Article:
# ch12

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Time Series Data
yt = b0 + b1xt1 + . . .+ bkxtk + ut
2. Further Issues
Economics 20 - Prof. Anderson
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Testing for AR(1) Serial Correlation
Want to be able to test for whether the errors are serially correlated or not
Want to test the null that r = 0 in ut = rut-1 + et, t =2,\u2026, n, where ut is the model error term and et is iid
With strictly exogenous regressors, the test is very straightforward \u2013 simply regress the residuals on lagged residuals and use a t-test
Economics 20 - Prof. Anderson
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Testing for AR(1) Serial Correlation (continued)
An alternative is the Durbin-Watson (DW) statistic, which is calculated by many packages
If the DW statistic is around 2, then we can reject serial correlation, while if it is significantly < 2 we cannot reject
Critical values are difficult to calculate, making the t test easier to work with
Economics 20 - Prof. Anderson
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Testing for AR(1) Serial Correlation (continued)
If the regressors are not strictly exogenous, then neither the t or DW test will work
Regress the residual (or y) on the lagged residual and all of the x\u2019s
The inclusion of the x\u2019s allows each xtj to be correlated with ut-1, so don\u2019t need assumption of strict exogeneity
Economics 20 - Prof. Anderson
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Testing for Higher Order S.C.
Can test for AR(q) serial correlation in the same basic manner as AR(1)
Just include q lags of the residuals in the regression and test for joint significance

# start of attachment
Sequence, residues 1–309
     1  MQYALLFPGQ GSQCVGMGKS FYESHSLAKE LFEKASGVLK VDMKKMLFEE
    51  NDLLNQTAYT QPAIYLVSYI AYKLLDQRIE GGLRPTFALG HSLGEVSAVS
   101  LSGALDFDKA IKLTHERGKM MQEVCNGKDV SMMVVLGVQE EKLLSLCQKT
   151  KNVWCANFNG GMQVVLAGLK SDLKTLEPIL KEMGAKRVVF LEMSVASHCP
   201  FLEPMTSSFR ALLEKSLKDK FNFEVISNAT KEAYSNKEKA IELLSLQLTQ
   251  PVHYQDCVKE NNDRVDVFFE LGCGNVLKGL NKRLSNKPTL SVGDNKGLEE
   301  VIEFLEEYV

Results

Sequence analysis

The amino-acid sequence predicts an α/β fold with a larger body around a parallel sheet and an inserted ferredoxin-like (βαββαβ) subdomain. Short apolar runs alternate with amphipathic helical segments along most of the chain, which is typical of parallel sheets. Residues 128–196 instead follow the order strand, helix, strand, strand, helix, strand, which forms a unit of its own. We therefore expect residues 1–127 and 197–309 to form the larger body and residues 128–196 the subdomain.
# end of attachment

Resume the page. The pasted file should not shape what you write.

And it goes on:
Can use F test or LM test, where the LM version is called a Breusch-Godfrey test and is (n-q)R2 using R2 from residual regression
Can also test for seasonal forms
Economics 20 - Prof. Anderson
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Correcting for Serial Correlation
Start with case of strictly exogenous regressors, and maintain all G-M assumptions except no serial correlation
Assume errors follow AR(1) so ut = rut-1 + et, t =2,\u2026, n
Var(ut) = s2e/(1-r2)
We need to try and transform the equation so we have no serial correlation in the errors
Economics 20 - Prof. Anderson
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Correcting for S.C. (continued)
Consider that since yt = b0 + b1xt + ut , then yt-1 = b0 + b1xt-1 + ut-1
If you multiply the second equation by r, and subtract if from the first you get
yt \u2013 r yt-1 = (1 \u2013 r)b0 + b1(xt \u2013 r xt-1) + et , since et = ut \u2013 r ut-1
This quasi-differencing results in a model without serial correlation
Economics 20 - Prof. Anderson
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Feasible GLS Estimation
Problem with this method is that we don\u2019t know r, so we need to get an estimate first
Can just use the estimate obtained from regressing residuals on lagged residuals
Depending on how we deal with the first observation, this is either called Cochrane-Orcutt or Prais-Winsten estimation
Economics 20 - Prof. Anderson
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Feasible GLS (continued)
Often both Cochrane-Orcutt and Prais-Winsten are implemented iteratively
This basic method can be extended to allow for higher order serial correlation, AR(q)
Most statistical packages will automatically allow for estimation of AR models without having to do the quasi-differencing by hand
Economics 20 - Prof. Anderson
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Serial Correlation-Robust Standard Errors
What happens if we don\u2019t think the regressors are all strictly exogenous?
It\u2019s possible to calculate serial correlation-robust standard errors, along the same lines as heteroskedasticity robust standard errors
Idea is that want to scale the OLS standard errors to take into account serial correlation
Economics 20 - Prof. Anderson
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Serial Correlation-Robust Standard Errors (continued)
Estimate normal OLS to get residuals, root MSE
Run the auxiliary regression of xt1 on xt2, \u2026 , xtk
Form ât by multiplying these residuals with ût
Choose g \u2013 say 1 to 3 for annual data, then
Economics 20 - Prof. Anderson```